Medieval tree beekeeping was performed by professional beekeepers dedicated to the gathering of honey from wild or partially wild beehives.
The word "Zeidlerei" originates from the Latin "excidere" (to cut out), which developed into the old German word "zeideln" (to cut honey).
The entire honeycomb was extracted from a hive, which meant that the continued existence of the beehive was of minor importance. The honey and wax could be immediately put to use and processed.
Coniferous softwood forests were ideal for tree beekeeping. The major areas used during the Middle Ages were Lausitz, the Fichtel mountains and the Nuremberg Reichswald. In Bavaria, for instance,
evidence of forest beekeeping in the area around Grabenstätt has been dated back to 959 AD. In the area around present day Berlin, there was extensive trade performed by tree beekeepers,
especially in the larger forests.
In the Nuremberg countryside, there are still numerous references to the once flourishing tree beekeeping profession (such as the Zeidler castle). Honey was an important ingredient in the world famous Nuremberg gingerbread; it was the Nuremberg Reichswald ("the Holy Roman Empire's Apiary") which provided a steady supply.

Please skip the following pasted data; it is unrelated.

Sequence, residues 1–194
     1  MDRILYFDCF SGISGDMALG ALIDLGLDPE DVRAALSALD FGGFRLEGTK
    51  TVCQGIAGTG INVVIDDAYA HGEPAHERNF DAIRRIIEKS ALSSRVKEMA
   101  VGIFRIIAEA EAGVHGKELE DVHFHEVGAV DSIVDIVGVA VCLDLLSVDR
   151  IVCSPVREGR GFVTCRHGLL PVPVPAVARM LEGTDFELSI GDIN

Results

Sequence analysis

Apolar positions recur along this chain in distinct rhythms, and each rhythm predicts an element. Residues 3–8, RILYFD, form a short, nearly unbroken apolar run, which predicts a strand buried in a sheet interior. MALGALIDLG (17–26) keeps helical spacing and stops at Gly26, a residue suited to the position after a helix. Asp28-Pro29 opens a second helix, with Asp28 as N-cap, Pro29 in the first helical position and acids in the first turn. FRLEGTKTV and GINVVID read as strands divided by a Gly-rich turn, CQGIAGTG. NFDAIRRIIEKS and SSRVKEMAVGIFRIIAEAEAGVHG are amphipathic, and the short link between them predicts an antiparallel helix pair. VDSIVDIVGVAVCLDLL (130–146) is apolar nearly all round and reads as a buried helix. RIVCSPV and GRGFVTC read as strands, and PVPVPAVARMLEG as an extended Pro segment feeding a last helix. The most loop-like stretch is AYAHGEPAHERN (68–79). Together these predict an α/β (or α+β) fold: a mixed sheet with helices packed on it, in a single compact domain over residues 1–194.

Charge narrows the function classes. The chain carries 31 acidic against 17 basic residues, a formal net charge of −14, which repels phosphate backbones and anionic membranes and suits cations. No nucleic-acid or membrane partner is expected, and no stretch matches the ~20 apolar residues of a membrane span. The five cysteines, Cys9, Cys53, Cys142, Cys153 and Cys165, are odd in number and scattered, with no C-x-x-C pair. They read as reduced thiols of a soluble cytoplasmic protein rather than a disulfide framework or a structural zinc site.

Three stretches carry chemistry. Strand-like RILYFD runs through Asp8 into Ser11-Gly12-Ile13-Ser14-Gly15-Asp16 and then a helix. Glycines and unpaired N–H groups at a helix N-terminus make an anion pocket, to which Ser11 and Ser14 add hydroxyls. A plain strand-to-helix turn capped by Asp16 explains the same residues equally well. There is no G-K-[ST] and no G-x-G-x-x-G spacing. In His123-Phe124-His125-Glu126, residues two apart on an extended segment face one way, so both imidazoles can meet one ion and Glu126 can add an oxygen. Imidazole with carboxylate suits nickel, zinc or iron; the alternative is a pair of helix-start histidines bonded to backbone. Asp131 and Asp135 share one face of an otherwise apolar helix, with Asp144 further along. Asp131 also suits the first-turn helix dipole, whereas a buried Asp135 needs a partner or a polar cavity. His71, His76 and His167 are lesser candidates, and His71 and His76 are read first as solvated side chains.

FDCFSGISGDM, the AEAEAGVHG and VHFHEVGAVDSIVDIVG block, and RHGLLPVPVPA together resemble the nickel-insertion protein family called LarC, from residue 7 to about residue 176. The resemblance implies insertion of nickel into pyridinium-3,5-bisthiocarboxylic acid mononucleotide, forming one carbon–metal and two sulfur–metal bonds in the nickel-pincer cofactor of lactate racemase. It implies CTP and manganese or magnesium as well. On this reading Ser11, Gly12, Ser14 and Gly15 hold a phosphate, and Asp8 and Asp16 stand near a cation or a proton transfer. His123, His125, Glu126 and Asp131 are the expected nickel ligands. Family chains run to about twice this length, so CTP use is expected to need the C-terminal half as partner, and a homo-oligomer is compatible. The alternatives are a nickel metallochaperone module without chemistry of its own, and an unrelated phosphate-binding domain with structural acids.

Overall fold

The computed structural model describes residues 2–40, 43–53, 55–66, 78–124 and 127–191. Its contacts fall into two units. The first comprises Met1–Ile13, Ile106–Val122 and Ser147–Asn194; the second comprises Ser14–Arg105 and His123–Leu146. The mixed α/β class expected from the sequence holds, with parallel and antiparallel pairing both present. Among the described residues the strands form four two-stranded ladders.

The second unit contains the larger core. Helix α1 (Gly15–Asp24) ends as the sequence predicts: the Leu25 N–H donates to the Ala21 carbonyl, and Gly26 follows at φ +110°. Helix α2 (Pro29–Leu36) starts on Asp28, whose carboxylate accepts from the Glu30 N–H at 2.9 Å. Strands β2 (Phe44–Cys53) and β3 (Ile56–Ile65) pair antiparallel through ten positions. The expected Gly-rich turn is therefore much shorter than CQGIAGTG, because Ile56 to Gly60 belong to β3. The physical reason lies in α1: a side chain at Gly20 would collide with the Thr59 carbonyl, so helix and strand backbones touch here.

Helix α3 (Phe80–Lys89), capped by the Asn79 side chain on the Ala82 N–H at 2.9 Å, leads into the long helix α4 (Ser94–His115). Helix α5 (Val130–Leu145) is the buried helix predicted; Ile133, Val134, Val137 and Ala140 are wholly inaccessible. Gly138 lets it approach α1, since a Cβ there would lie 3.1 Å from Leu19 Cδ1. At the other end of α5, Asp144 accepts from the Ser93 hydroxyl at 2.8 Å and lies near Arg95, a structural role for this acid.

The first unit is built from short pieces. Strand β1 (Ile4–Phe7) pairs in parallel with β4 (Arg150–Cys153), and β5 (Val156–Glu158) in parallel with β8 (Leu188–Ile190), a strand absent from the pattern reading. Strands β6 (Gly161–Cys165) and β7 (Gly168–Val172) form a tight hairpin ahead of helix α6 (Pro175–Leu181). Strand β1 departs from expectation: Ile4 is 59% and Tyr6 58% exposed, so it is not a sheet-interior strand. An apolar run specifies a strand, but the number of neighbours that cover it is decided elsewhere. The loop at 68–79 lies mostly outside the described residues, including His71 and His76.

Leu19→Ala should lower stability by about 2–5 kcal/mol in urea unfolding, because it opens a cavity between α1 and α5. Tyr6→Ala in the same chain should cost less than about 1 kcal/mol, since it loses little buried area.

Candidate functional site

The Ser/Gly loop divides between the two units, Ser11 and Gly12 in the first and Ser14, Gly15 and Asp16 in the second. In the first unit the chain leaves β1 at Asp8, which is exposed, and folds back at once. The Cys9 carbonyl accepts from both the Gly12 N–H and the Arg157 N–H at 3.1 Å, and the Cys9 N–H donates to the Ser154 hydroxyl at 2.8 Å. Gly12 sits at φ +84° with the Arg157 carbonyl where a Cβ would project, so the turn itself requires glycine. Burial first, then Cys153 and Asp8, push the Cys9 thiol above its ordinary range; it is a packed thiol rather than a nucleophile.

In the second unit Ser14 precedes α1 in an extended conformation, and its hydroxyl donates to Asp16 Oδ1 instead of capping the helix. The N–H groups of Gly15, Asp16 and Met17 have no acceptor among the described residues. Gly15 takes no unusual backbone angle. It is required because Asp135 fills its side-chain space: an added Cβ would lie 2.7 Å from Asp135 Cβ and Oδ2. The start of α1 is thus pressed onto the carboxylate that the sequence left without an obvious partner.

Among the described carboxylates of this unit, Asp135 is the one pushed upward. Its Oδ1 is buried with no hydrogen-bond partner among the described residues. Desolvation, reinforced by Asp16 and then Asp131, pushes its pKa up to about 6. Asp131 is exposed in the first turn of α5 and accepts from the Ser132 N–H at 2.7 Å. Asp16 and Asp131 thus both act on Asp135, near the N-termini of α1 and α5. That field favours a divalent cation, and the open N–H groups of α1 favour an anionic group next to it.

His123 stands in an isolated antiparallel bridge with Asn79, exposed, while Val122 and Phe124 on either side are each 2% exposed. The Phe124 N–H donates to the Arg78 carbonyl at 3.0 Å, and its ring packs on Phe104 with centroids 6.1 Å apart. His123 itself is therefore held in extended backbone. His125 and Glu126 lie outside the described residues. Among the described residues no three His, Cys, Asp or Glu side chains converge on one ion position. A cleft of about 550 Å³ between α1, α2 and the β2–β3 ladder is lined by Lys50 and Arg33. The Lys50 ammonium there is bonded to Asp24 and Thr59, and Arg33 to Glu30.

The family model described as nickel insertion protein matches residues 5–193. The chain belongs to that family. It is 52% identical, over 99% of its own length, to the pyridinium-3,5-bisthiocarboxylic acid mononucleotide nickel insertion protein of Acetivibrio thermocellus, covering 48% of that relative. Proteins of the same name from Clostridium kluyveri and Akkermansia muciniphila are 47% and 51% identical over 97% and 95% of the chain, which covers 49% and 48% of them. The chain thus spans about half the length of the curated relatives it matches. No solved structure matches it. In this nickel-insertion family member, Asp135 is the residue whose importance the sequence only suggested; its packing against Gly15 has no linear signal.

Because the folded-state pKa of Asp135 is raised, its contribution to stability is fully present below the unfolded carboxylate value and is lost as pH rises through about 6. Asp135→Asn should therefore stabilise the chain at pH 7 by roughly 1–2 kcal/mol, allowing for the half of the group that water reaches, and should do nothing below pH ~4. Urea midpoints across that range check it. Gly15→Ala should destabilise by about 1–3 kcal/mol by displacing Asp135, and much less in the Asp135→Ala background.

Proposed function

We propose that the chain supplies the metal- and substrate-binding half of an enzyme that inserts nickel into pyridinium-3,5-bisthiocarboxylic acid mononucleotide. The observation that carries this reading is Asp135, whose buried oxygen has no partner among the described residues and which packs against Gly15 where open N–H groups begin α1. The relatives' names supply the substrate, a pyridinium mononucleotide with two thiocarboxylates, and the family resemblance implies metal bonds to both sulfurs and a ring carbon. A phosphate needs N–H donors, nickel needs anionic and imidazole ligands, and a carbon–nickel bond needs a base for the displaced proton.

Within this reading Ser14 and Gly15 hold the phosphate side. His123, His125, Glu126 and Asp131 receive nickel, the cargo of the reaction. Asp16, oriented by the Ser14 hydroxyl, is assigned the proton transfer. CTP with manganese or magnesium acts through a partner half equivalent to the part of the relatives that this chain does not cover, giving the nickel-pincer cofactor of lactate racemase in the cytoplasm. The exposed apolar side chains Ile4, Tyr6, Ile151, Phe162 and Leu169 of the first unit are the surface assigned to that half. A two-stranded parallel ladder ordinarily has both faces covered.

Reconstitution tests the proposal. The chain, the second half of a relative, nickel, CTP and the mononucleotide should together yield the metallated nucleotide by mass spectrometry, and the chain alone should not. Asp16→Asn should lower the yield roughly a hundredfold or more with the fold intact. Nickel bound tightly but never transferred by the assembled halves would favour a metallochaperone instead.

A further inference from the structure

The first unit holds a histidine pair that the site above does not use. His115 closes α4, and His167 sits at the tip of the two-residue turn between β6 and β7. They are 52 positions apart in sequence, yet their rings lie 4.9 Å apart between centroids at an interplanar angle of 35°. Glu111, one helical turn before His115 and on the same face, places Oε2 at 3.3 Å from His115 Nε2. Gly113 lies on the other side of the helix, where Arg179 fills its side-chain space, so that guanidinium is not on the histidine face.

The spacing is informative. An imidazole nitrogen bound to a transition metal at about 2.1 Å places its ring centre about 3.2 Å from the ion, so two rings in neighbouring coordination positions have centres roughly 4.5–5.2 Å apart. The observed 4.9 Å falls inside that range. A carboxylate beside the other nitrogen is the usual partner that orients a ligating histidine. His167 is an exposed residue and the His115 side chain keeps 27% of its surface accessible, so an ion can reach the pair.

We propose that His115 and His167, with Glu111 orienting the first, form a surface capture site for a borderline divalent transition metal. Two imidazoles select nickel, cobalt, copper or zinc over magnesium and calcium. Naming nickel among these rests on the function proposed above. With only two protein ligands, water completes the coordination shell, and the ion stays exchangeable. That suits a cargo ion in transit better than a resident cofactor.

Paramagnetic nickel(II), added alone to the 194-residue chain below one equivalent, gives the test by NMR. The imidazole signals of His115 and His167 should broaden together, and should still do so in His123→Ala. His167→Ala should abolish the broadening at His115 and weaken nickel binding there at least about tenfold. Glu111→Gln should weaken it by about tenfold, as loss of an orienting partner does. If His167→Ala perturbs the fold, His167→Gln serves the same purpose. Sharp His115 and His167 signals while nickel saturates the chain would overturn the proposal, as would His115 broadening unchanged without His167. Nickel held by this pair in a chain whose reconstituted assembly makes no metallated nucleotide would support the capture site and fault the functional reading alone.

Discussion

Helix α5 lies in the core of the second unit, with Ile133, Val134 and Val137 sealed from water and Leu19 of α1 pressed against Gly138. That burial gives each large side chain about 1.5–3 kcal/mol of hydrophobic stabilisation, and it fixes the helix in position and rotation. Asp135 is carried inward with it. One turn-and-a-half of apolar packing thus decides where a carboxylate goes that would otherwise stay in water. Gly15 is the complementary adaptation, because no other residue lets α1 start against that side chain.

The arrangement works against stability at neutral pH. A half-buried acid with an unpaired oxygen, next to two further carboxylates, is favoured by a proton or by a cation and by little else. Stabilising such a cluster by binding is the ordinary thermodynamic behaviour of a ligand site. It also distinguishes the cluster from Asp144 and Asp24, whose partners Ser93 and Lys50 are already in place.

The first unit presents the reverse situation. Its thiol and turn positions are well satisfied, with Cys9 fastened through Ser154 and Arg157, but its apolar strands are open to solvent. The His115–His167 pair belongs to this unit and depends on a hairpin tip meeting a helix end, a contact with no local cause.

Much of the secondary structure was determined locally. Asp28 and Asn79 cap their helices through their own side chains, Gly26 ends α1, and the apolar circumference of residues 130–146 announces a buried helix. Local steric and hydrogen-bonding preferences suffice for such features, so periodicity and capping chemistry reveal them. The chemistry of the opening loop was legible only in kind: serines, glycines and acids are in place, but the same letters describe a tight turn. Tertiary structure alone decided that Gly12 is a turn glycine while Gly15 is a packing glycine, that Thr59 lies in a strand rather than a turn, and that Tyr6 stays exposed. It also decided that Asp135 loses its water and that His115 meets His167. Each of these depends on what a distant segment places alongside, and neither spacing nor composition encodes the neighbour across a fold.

The German name "Zeidler" given to the present day Brtníky in the Czech Republic, can be traced back to traditional forest beekeeping. "Zeidler" is also the name of a former municipality in the district of Fördergersdorf in the Saxon town of Tharandt near the Tharandt Forest.
By the grace of God, I, Emperor Charles, the Roman King, expander of the Empire and King of Bohemia, with this charter, do declare and confirm the rights of the Zeidler of Nuremberg Reichswald,
who have implored me to guarantee their longstanding legacy and traditions.
1. The Zeidler are exempt from paying duty throughout the Roman Empire.
2. The Zeidler foreman based in Feucht has judicial authority over the Zeidler Guild.
3. All Zeidler equipment is to be manufactured out of wood, which with the help of forestry workers and their superiors, can be sourced from the Nuremberg Forest for free. The respective forest owners should be paid with two Heller.